518 Routeri66. EDINBURGH. St. Giles's Church.
The High Street begins beyond the cross-thoroughfare that
leads on the right, past the new County Buildings, to George IV.
Bridge (p. 522) and on the left (Bank St.) to the Mound and Prin¬
ces St. Here rises *St. Giles's Church (PL E, 4), the exterior of
which has suffered from an unskilful restoration in 1829, while the
interior is now of great interest. The chief exterior feature is the
Lantern Tower (160 ft.; 14th cent.), an imitation of that of St.
Nicholas at Newcastle (p. 456).
St. Giles's, the oldest parish-church in Edinburgh, now usually styled
'Cathedral', was erected in the 12th cent., on the site of a much earlier
edifice. In 1385, however, the greater part of it was destroyed by fire,
and the present Gothic church was built in 1385-1460. At the Reformation
the interior of the church was defaced and robbed of its artistic adorn¬
ments; after which it was divided by partitions into four separate
churches. In this condition it remained until 1871-83, when, at the instance
and mainly at the cost of Dr. William Chambers (p. 506), the well-known
publisher, the interior was carefully restored to its original appearance.
The Interior (open, 10-3, adm. 3d.; on Mon., free; closed on Sat.),
196 ft. in length, presents an imposing though somewhat cold and bare
appearance. The characteristic Scottish barrel-vaulting should be noticed.
The stained-glass windows are modern. We enter by the N. Doorway and
find ourselves in the Transept, the oldest part of the church. The four
massive Norman piers here, which support the tower, may perhaps date
from the original edifice of 1120. To the right is the Nave, on the N.
side of which is the Chapel of St. Eloi, with the Argyll Memorial, by
C. Macbride, unveiled in 1895 in honour of the Marquis of Argyll (d. 1661).
Adjoining, enclosed by an iron screen, is the Albany Aisle, erected by the
Duke of Albany, son of Robert II., in 1402, in expiation of the miirder
of his nephew, the Duke of Rothesay (p. 546). Opposite, to the S., is the
Moray Aisle, containing a handsome altar and pulpit. Beneath the W.
window is a bronze "Memorial to Robert Louis Stevenson (1850-94) by A. St.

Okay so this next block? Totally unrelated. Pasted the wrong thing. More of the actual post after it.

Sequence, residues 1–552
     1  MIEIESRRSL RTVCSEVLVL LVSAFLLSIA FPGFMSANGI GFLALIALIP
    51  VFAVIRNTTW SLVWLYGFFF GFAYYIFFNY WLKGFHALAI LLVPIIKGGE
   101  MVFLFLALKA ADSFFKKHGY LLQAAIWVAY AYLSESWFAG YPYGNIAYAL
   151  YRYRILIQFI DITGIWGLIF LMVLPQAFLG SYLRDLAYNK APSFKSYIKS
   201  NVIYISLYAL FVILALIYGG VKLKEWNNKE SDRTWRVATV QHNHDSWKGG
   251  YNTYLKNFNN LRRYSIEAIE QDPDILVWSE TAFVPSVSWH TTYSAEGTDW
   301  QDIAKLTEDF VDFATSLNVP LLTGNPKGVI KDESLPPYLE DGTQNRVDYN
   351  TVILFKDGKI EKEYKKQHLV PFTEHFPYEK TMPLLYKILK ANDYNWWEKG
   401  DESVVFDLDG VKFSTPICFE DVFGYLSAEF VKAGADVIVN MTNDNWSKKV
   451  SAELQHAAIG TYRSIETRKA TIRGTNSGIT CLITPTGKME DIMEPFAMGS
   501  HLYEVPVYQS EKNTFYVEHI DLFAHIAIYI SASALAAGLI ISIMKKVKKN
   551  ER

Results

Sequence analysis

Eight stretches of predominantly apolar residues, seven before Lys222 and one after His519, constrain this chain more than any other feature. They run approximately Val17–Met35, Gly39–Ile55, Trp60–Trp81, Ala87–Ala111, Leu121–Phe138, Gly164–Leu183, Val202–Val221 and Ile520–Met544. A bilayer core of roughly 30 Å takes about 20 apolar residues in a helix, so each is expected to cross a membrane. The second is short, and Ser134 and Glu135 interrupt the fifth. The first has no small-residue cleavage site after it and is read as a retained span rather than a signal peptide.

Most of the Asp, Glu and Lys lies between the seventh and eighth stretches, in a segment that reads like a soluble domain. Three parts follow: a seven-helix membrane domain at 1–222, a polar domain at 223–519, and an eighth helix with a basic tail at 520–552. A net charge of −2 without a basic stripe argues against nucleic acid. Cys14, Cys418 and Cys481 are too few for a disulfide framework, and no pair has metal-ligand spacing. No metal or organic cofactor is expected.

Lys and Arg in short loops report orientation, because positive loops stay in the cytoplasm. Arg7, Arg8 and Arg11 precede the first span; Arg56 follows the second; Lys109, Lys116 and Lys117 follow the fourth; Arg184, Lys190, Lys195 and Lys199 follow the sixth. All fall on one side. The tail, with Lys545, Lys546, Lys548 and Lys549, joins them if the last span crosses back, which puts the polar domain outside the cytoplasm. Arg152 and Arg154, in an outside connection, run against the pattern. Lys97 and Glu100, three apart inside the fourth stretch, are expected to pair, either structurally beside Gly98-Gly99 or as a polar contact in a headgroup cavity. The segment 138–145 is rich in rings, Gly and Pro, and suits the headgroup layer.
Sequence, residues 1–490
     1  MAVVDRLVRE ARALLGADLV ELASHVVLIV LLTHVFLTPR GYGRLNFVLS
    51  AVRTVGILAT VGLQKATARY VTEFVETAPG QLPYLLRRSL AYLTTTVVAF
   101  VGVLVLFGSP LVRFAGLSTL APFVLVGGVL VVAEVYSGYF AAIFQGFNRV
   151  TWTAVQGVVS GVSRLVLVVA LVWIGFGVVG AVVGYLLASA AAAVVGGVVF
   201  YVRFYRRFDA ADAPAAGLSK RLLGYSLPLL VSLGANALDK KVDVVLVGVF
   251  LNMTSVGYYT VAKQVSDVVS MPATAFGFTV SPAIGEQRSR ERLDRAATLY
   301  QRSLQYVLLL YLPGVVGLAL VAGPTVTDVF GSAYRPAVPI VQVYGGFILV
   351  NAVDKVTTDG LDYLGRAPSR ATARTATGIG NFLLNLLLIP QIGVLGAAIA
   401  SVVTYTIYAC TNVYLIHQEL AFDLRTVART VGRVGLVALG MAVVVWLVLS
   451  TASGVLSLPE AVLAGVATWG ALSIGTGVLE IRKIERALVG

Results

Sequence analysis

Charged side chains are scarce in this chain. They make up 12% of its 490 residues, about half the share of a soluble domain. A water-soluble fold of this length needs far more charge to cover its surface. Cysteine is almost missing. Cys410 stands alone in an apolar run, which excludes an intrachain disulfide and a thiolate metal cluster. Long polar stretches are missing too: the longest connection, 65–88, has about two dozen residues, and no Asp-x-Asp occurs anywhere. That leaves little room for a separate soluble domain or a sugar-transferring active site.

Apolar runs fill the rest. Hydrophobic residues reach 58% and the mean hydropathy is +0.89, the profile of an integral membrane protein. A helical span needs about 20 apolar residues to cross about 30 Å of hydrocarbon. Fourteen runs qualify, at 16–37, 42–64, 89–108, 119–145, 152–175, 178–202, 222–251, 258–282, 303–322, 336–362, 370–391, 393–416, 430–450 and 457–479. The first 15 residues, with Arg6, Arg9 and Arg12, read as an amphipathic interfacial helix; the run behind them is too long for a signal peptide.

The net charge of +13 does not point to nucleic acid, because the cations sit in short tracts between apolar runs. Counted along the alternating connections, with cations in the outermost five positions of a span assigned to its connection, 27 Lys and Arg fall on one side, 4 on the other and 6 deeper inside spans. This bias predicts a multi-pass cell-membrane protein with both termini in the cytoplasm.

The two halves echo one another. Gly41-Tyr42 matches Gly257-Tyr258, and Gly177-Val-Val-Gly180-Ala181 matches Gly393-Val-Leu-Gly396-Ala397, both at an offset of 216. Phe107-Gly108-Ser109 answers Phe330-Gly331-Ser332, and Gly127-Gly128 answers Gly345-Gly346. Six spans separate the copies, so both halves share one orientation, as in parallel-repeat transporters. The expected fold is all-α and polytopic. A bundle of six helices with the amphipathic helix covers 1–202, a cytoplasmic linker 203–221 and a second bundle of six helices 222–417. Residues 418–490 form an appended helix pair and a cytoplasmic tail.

Gaudens. In the small chapel at the S.W. end of the Moray Aisle is a
modern monument to the Regent Moray (d. 1570; p. 525); the metal plate is
from the original tomb. Near the handsome modern W. Doorway is the
font, after Thorvaldsen. From the pillars of the nave hang the old flags
of Scottish regiments. — The Chancel contains a tasteful modern pulpit
and the royal pew (in carved oak). The last pillar to the left, with the
arms of James II. and his wife, Mary of Cleves, is called the '■King's Pillar'.
The Preston Aisle, to the S. of the choir, is a good specimen of the Perp.
style (15th cent.). The small adjoining Chepman Aisle, or Montrose Chapel,
contains the tomb of Walter Chepman (d. 1532), tbe first Scottish printer,
and a modern memorial (1838) to the Marquis of Montrose (d. 1650), who,
like the Regent Moray (see above), is interred in the Crypt, below the
When Charles I. attempted to re-establish the Scottish Episcopal Church,
St. Giles's was made the cathedral of the bishopric of Edinburgh (1634),
and it was here that Jenny Geddes threw her stool at Dean Hanna. Both
the dean and his assailant are commemorated by brass tablets in the
church. [The stool is preserved in theNational Museum of Antiquities, p. 523.)
The Solemn League and Covenant was signed here in 1643. John Knox often
preached in St. Giles's. — The small shops or booths, which were erected
between the buttresses about 1560, were called Kraimes, and the wares
sold in them Kraimery (comp. German Krdmerei).
Outside the church, to the N.E., is the shaft of the old City
Cross, restored in 1885, and mounted on a new pedestal. — To the
N.W. is a figure of a heart in the pavement, marking the site of the
Old Tolbooth, or city prison, known as the 'Heart of Midlothian'.
Close by is a Statue of the 5th Duke of Buccleuch (d. 1884).